As I discussed last week, colonialism and exploitation are two common themes in Yinka Shonibare, MBE's sculptures, and it is these themes that I'd like to use as a starting point for this week's discussion, beginning with his paintings.
While Shonibare's Scramble for Africa (2003), was an especially pivotal work in terms of its use of its examination of history, particularly the Victorian expansion into Africa, Shonibare's paintings, Black Gold I and II (2006), expand upon this theme, bringing them into the modern era. As you can see in the above image of Black Gold II, the oil referenced in the title of this work is shown to be behind roundels of Dutch wax fabric, representing just one of the many resources that multi-national corporations exploit Africa for, all while the people suffer and starve. Like most of Shonibare's work, it's a powerful, if not subtle, message.
Shonibare may be better known for his sculptures than his paintings, but paintings are important to Shonibare's career not only because of the themes he explores in them, but also because of the material itself. As I mentioned last week, Shonibare's disability has played an important role in the evolution of his work. While his sculptures and installations require the help of assistants, Shonibare began creating paintings early in his career because it was a material he could manipulate on his own. This also affected the size of Shonibare's works. As Deborah Sontag explains in a 2009 article about his midcareer survey at the Brooklyn Museum, "...'Double Dutch' (1994), shows one way that Mr. Shonibare adjusted creatively to his physical limitations. He could not handle huge canvases. So in 'Double Dutch' he fragmented a large work into manageably sized pieces — 50 rectangles of African fabric — and arranged them in a 10-by-20-foot grid, incorporating the wall, painted an intense pink, into the artwork."
Like painting, photography was a medium accessible to Shonibare despite his physical limitations, and his experimentation with it began in earnest with his Diary of a Victorian Dandy (1998) suite. Rather than focusing on colonialism and exploitation, this series engages with ideas about stereotype, duality and masquerade through the personae of the Victorian dandy, with Shonibare himself as the literal centerpiece of this elaborately staged series, playing the dual roles of director and lead. Shonibare's Diary intentionally draws inspiration from the satirical art of 18th-century painter and caricaturist William Hogarth, particularly the main character of Rakewell in Hogarth's The Rake's Progress (1735). As Shonibare explains, "Rakewell spends his father's money extravagantly, gets into debt and ends up in a madhouse. My Diary of a Victorian Dandy is the opposite of that. My dandy has a wild time, has wild orgies, but he gets away with it. He challenges the notion of bourgeois morality." Rachel Kent further elaborates upon this in her article in the monograph Yinka Shonibare, MBE, explaining that, "Contemporary associations of black social mobility are invoked through Shonibare's work. Parallels may also be drawn between the plush attire of Shonibare's dandy and the high style and 'bling' of a new black social elite. The symbolic meanings of clothing and its transformative powers are many; and Shonibare's deep interest in fashion predates his career as an artist."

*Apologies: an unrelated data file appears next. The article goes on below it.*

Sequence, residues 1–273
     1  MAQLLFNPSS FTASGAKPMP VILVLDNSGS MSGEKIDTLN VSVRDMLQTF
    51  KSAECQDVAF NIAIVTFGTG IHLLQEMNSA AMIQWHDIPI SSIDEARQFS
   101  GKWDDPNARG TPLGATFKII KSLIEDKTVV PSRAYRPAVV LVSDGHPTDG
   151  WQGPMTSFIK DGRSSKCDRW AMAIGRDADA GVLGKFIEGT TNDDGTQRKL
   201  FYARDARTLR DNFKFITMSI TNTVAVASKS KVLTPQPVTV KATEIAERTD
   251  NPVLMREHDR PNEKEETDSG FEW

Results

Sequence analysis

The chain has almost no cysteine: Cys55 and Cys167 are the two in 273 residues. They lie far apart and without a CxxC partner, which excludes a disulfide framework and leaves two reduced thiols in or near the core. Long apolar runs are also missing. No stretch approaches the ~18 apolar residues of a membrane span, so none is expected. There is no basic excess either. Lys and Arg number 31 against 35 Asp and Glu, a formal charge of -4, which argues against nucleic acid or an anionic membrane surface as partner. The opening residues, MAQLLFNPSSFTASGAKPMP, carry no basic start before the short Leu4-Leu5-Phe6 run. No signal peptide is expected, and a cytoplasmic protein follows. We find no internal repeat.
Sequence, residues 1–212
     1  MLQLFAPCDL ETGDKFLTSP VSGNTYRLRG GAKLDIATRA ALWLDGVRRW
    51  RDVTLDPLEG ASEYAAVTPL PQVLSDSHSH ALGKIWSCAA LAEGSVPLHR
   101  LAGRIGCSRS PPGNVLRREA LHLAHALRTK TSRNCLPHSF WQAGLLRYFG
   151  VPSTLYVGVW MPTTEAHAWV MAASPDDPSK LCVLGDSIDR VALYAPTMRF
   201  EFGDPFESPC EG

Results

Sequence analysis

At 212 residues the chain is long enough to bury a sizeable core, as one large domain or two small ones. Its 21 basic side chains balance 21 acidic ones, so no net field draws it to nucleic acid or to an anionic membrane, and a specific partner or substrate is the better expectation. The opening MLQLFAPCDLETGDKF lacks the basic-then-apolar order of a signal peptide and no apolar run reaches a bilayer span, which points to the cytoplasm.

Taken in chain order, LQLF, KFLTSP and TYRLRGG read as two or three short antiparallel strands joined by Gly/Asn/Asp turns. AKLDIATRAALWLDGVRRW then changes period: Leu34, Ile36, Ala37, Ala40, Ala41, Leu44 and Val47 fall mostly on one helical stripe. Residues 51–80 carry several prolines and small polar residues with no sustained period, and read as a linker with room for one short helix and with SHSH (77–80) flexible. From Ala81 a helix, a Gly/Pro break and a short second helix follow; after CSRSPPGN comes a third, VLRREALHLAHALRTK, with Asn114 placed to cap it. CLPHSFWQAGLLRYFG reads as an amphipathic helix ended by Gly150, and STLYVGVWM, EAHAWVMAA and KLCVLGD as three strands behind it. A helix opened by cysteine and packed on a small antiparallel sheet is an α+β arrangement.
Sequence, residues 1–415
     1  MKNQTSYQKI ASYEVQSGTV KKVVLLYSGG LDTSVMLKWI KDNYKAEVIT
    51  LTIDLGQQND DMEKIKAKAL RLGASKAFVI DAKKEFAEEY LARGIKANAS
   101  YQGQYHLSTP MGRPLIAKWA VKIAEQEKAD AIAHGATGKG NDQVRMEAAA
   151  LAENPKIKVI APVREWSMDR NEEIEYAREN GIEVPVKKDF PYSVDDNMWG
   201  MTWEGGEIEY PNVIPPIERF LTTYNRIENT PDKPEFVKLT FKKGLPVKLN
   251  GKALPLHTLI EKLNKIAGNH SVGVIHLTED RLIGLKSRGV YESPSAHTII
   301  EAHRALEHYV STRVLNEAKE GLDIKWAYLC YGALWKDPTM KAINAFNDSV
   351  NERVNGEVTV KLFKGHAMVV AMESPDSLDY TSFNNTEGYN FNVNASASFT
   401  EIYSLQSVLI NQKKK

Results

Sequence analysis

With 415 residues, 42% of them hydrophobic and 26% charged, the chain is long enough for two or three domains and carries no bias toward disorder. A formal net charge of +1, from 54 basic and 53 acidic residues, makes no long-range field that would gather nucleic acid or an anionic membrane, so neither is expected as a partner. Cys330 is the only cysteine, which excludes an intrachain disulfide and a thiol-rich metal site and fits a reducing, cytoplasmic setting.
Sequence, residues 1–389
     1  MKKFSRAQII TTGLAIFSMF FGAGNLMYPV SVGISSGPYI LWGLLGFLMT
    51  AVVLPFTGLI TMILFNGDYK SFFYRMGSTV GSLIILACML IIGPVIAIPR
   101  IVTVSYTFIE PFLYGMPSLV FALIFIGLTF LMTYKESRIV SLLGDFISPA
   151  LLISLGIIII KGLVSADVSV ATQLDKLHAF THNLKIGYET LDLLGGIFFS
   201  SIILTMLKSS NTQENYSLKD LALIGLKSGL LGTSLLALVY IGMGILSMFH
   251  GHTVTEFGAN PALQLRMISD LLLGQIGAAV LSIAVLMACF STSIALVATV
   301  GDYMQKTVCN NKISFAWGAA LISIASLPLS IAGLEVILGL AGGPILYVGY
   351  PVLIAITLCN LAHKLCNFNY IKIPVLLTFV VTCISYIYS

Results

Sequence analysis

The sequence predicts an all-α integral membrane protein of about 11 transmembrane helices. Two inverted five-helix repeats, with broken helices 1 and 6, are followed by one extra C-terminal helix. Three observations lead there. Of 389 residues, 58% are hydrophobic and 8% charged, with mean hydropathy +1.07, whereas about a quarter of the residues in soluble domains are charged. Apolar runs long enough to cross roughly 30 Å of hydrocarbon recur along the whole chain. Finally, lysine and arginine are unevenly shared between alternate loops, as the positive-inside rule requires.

Shonibare's photographs are often as elaborately staged his sculptures. The Diary of a Victorian Dandy suite was one of Shonibare's first experiments with this art form, but it certainly wasn't his last. The above image is from Shonibare's The Sleep of Reason Produces Monsters (2008) series, which Shonibare appropriated directly from Francisco Goya's painting of the same name. Unlike Dandy, Shonibare utilized not only historical and artistic references in this series, but incorporated his ubiquitous Dutch wax textiles as well. As Shonibare explains about these works:
I have turned the original statement, reproduced on the desk where a figure sleeps, and put a questions mark after it so it reads in French, 'The sleep of reason produces monsters in America?' The original statement becomes rhetorical and I used French in particular here as it was the French who gave America its Statue of Liberty. There are five images in all, representing five continents. In Africa, it is an image of an old white man, rather than an African, asleep at the desk. In Asia, the figure is a black man. In the most basic terms I am suggesting that irrational aggression, born out of a form of Enlightenment rational reasoning, towards a race that you do not understand produces a sleep of 'reason' out of which comes monsters - and the term 'monsters' could be substituted here with any amount of atrocity. Your enlightened intentions, in sum, do not necessarily produce enlightened results.
 Rachel Kent, "Time and Transformation in the Art of Yinka Shonibare MBE," Yinka Shonibare MBE, (New York: Prestel Verlag, 2008), 16.
 Deborah Sontag, "Headless Bodies from a Bottomless Imagination," The New York Times online, (accessed October 20, 2010).
 Rachel Kent, "Time and Transformation in the Art of Yinka Shonibare MBE," Yinka Shonibare MBE, (New York: Prestel Verlag, 2008), 17.
 Ibid., 18.
 Ibid., 18.
 Ibid., 18.
 Anthony Downey, "Setting the Stage: Yinka Shonibare MBE in Conversation with Anthony Downey," Yinka Shonibare MBE, (New York: Prestel Verlag, 2008), 44-5.